Figure 2: At the beginning of the film  Back to the Future  (Zemeckis 1985), Biff bullied George about his office job and wrecked his car without apology, but at the end of the film Marty’s meddling in 1955 has made his father into a successful science-fiction author (left) and Biff into a subservient car waxer for the McFly family (right).

Figure 2: At the beginning of the film Back to the Future (Zemeckis 1985), Biff bullied George about his office job and wrecked his car without apology, but at the end of the film Marty’s meddling in 1955 has made his father into a successful science-fiction author (left) and Biff into a subservient car waxer for the McFly family (right).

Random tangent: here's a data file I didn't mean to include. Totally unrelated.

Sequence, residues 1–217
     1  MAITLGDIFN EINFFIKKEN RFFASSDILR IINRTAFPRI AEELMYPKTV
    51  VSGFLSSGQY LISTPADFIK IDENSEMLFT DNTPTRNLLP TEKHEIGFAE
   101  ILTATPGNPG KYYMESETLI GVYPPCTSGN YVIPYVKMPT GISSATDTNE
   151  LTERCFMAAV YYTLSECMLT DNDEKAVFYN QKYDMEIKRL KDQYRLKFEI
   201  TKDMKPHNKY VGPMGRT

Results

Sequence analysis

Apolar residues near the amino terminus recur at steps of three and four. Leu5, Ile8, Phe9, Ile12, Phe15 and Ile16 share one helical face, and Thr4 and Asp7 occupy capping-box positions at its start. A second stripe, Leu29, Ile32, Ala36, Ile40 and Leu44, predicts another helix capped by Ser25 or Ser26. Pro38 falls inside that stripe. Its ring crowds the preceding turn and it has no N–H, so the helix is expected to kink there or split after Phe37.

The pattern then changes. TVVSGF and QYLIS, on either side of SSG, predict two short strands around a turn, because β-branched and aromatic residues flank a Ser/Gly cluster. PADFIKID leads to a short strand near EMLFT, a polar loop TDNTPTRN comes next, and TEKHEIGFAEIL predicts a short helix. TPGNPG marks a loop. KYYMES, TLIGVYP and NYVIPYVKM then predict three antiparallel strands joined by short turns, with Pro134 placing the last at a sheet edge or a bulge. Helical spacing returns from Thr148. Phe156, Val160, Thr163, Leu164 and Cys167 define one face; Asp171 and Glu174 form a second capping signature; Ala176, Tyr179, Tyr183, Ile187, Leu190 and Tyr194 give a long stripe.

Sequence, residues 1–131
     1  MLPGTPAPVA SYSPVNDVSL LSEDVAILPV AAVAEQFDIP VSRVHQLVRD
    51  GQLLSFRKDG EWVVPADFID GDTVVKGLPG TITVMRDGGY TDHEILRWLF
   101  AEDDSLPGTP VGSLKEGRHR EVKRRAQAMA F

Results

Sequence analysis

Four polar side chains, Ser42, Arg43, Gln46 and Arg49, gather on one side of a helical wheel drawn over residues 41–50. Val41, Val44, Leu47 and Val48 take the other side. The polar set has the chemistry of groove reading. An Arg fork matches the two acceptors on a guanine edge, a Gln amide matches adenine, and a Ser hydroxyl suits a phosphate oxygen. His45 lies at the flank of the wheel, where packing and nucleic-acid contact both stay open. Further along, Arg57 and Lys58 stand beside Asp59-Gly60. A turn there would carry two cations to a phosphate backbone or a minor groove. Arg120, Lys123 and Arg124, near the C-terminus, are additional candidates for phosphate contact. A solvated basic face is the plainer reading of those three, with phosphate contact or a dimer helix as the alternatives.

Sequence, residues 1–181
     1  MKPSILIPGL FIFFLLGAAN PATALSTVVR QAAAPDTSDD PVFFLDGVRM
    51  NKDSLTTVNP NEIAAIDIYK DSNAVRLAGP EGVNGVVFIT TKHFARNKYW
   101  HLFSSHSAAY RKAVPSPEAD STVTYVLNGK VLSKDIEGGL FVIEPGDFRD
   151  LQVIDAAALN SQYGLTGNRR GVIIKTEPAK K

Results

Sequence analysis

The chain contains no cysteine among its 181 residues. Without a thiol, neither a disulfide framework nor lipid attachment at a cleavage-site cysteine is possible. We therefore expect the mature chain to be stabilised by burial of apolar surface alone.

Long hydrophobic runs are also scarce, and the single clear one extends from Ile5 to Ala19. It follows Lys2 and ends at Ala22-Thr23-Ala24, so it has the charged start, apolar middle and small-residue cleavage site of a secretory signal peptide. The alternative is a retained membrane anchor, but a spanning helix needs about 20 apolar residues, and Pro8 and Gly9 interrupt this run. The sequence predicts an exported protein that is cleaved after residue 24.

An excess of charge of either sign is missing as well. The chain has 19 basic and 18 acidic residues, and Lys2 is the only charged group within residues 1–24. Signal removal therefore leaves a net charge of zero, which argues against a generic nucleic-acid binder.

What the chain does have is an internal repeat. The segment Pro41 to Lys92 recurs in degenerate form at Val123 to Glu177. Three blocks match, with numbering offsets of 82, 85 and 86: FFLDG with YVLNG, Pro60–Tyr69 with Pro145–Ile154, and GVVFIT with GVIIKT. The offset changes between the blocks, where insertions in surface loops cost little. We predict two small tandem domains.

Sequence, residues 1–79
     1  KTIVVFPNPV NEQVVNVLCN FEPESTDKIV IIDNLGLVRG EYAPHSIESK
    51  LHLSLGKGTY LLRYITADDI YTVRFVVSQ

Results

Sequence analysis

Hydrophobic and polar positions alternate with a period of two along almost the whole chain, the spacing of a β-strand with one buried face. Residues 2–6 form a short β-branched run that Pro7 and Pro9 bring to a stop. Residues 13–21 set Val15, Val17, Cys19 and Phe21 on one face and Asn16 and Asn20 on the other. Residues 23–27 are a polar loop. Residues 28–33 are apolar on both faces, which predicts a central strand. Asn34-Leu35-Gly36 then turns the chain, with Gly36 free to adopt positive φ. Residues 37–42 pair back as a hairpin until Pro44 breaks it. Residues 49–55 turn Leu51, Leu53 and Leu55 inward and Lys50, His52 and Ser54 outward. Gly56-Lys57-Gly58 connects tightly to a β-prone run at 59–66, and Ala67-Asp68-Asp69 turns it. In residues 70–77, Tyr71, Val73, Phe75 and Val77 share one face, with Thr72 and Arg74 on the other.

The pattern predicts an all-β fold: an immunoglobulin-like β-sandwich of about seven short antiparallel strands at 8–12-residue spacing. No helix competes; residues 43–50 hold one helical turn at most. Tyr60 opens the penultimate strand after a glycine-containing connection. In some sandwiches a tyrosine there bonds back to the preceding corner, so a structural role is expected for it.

In type #1, the past can be changed. One of the clearest examples is the Back to the Future series, especially the first installment. In that film (Zemeckis 1985), Marty McFly’s accidental time travel to 1955 causes his parents’ courtship to go off the rails. This nearly results in Marty’s erasure, as when at the “Enchantment Under the Sea” high school dance Marty is unable to play the guitar because he’s actually disappearing! (see figure 1). In the end, though, the McFly family’s future is secured by Marty’s encouragement of his father George to fight back against bullies like Biff. When Marty returns to 1985, his shaping of his father’s assertiveness has resulted in George becoming a successful author (“Like I always told you, if you put your mind to it, you can accomplish anything”) and in Biff being reduced to waxing the McFlys’ BMW (see figure 2). In type #1, then, time travel is a positive intervention that can make the present better.